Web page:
https://trainlife.com/products/weathering-rustall-dead-flat-2-oz-bottle?utm_source=Springbot&utm_medium=Web&utm_campaign=AdRoll&redirect_mongo_id=59f8a5513065ec26be541764
http://www.zscalemonster.com/rustall/



Edited 2 time(s). Last edit at 08/19/20 17:50 by tmotor.



Date: 08/19/20 02:57
Re: Fixative Shootout (Part 2)
Author: Lighter

A note on the Vallejo Varnish tested. That isn't intended for use on pigments and pastels. Vallejo (and AKI and Ammo by MIG) have specific recommendations for both pastels and pigments. In the case of Vallejo they recommend using Vallejo airbrush thinner on pastels. I have NOT done any sort of imperical test on the Vallejo recommendation. I do have a planned model in the near future that will use a lot of pure pigments and will give a test to those binding materials I have on hand.

I just dragged out my bottle of Rustall Flat and it appears to be the consistency of Liquitex airbrush thinner and appears to have a pinch of artists talc for flattening.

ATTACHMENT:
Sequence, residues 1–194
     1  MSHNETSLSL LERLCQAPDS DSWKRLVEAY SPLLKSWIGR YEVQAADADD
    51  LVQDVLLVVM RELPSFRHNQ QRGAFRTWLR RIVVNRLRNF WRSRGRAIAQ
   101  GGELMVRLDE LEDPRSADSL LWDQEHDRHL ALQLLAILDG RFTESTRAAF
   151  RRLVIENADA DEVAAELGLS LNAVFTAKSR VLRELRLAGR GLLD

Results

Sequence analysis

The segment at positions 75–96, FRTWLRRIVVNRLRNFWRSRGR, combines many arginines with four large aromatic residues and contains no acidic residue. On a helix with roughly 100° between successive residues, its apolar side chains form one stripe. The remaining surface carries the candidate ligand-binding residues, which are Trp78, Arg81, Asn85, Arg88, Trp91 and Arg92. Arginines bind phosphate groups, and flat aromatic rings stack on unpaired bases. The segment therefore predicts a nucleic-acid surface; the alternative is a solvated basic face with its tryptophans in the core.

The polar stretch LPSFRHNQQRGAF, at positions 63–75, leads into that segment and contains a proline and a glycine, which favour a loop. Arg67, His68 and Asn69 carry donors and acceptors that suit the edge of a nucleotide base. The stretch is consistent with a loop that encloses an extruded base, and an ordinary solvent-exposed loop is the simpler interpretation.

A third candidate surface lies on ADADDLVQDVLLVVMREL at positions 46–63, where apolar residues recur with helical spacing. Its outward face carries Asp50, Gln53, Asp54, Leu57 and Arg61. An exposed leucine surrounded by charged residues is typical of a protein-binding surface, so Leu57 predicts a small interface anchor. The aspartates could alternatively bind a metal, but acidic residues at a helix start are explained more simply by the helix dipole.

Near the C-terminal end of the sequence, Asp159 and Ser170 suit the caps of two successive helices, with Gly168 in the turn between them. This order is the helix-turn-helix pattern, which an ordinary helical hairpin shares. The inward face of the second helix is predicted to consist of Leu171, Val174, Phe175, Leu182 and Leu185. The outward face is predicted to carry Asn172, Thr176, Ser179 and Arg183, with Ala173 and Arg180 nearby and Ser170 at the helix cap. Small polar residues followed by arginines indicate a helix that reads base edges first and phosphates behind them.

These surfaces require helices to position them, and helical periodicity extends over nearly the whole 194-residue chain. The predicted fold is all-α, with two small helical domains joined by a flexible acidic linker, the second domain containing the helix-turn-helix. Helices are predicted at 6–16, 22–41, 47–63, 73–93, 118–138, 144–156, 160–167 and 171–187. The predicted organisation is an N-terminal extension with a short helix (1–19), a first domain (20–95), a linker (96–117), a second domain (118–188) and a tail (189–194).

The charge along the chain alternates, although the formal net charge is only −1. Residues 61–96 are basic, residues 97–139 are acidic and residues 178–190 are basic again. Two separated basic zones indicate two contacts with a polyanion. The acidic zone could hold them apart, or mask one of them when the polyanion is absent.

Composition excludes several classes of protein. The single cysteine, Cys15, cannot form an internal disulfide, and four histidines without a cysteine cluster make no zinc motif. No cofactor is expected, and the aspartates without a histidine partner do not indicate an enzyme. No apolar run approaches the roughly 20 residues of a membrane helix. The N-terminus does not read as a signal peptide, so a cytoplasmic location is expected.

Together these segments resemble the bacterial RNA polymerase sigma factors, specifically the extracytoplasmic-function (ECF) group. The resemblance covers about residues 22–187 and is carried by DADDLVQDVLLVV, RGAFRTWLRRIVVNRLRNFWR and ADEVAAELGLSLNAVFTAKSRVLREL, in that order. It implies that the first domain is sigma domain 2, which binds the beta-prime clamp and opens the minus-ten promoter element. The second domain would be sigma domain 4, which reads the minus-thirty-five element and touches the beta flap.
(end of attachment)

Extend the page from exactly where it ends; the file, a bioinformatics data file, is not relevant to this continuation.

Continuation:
Date: 08/22/20 09:32
Re: Fixative Shootout (Part 2)
Author: tmotor

Lighter Wrote:
-------------------------------------------------------
> A note on the Vallejo Varnish tested. That isn't
> intended for use on pigments and pastels.

I couldn't agree more.  ;-)

> Vallejo (and AKI and Ammo by MIG) have specific
> recommendations for both pastels and pigments. In
> the case of Vallejo they recommend using Vallejo
> airbrush thinner on pastels.

I wouldn't have thought to use it for a fixative, but it is certainly worth a try.

> I just dragged out my bottle of Rustall Flat and
> it appears to be the consistency of Liquitex
> airbrush thinner

Interesting, might be worth a try as well.

> and appears to have a pinch of
> artists talc for flattening.

There is definitely some white particulate matter that settles-out.  Good to know what it is called.